Brittnie Bassant: Leading economic growth drive at ChamberSOUTH
By the time she graduated from high school, Brittnie Bassant had developed a passion for nonprofit work that roughly a decade later led to her current role as president and executive director of ChamberSOUTH, the 500-member chamber of commerce for Greater South Dade.
She’d immigrated with her family to South Florida from Trinidad and Tobago when she was 14. So that she could better assimilate into American culture, her parents encouraged her to volunteer locally. She chose Miami MetroZoo, and within four years she’d amassed more than 1,000 com-munity service hours.
“That was my first dabble in nonprofit work and giving back, and I really enjoyed it,” she said. “Community service – giving back – is your role and responsibility as a citizen.”
The plan after college was to go to law school, but her love of nonprofit and public sector work steered her elsewhere. She worked for the Everglades Foundation for about a year and a half, then joined former county Commissioner Lynda Bell’s office as an outreach director.
Ms. Bassant later returned to nonprofit work as the operations manager of the Deering Estate Foundation, where she stayed until 2017, when ChamberSOUTH approached her to chart its future course.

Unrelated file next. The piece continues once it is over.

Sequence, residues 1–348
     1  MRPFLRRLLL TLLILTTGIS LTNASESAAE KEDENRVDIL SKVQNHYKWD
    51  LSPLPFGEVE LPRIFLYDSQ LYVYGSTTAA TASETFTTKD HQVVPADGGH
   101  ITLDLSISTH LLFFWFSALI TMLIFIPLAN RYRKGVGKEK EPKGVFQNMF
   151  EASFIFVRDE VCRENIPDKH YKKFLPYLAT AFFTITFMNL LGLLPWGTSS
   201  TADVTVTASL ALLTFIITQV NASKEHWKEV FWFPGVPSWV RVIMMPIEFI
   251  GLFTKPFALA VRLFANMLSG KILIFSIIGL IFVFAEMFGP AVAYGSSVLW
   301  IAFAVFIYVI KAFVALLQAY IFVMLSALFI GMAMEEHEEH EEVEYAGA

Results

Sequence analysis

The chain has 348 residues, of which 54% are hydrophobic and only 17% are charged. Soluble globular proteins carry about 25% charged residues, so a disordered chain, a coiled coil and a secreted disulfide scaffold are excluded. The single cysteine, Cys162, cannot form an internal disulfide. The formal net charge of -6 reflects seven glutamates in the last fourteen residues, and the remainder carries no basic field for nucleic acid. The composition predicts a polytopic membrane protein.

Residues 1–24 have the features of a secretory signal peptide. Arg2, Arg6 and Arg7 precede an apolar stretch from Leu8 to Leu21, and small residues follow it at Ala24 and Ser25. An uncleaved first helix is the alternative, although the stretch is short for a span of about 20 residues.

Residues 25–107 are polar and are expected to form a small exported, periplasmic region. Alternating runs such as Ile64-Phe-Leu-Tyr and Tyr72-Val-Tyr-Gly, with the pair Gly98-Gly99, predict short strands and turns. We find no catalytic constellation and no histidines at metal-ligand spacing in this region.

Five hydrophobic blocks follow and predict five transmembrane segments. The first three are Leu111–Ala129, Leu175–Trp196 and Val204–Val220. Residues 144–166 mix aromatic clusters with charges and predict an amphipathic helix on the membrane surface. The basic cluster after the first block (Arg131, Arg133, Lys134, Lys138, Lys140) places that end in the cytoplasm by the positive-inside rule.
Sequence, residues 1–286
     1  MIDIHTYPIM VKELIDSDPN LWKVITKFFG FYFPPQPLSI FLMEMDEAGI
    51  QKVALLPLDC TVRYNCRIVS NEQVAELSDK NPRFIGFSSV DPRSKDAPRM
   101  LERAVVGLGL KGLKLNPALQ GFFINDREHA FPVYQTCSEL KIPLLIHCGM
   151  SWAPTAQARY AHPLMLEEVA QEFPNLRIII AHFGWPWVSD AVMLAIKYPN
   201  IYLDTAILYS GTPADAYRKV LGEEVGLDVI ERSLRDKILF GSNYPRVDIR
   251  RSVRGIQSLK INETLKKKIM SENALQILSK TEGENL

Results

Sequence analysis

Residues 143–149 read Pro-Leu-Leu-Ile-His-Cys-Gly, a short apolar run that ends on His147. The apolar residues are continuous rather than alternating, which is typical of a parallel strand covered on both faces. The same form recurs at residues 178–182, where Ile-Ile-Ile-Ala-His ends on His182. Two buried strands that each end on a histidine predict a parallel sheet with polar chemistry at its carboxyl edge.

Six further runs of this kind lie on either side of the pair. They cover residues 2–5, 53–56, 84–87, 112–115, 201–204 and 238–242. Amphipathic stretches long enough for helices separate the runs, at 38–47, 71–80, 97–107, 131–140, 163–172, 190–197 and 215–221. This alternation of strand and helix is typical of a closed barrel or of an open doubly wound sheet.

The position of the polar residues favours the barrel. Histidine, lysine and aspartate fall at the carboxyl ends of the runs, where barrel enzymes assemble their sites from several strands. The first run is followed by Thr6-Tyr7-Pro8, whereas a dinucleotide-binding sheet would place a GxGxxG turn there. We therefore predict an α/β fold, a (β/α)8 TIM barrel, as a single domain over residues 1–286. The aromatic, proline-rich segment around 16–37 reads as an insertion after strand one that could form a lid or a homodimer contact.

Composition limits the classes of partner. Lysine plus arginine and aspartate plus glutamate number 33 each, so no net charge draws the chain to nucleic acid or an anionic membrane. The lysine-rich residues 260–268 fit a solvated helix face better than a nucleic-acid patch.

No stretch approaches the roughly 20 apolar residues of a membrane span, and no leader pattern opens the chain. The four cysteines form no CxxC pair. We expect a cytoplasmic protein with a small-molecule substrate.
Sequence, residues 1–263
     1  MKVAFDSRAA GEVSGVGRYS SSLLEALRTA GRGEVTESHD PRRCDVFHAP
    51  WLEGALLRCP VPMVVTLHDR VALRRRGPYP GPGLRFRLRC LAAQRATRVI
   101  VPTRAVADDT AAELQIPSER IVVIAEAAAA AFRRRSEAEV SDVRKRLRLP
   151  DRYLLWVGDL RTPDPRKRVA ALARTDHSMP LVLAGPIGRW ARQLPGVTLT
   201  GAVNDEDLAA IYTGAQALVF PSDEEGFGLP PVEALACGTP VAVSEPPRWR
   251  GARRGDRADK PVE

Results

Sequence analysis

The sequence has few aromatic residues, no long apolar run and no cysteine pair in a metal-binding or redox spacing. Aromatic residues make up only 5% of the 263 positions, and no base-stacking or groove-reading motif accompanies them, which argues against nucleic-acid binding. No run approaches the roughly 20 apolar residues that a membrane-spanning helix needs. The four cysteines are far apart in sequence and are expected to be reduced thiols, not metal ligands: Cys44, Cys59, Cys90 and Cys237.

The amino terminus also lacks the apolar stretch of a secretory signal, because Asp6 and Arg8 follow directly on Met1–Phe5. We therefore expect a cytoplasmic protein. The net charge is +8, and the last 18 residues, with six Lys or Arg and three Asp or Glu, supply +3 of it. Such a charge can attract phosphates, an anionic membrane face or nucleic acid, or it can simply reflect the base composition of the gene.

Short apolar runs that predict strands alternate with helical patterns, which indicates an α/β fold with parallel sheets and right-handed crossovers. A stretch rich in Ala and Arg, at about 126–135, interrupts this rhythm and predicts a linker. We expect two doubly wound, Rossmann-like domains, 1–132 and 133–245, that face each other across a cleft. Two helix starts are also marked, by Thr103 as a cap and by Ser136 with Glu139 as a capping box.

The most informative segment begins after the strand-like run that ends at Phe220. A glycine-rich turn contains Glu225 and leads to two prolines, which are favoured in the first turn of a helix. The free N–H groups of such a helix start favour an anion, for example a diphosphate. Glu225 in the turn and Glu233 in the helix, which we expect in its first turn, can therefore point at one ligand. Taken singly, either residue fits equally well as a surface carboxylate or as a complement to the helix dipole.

“It gave me an opportunity to combine all those different fields I love – the nonprofit, community and business aspects, as well as government work,” she said. “I can really focus on giving back, making a difference and impacting change, which is what everyone wants to do at some point in their life.”
As the leader of the chamber of commerce for South Miami, Pinecrest, Palmetto Bay, Cutler Bay and Kendall, Ms. Bassant is positioned to help the business landscapes of those areas develop in the coming years. It’s an exciting responsibility and opportunity, she said.
“South Dade is growing at an exponential rate, with all the different municipalities looking at expanding their downtowns and being really focused on community and residential areas. Now they’re moving into being more cognizant of the business needs of the community,” she said. “I see a huge surge in focusing on urban development projects, and elected officials taking more of an active role in attracting more businesses to the community, so we’re in a really great place now with the leadership that’s in place to begin to impact change and make a difference.”
Ms. Bassant sat down with reporter Jesse Scheckner.
The interview, recorded by Jahmoukie Dayle, can be viewed below.
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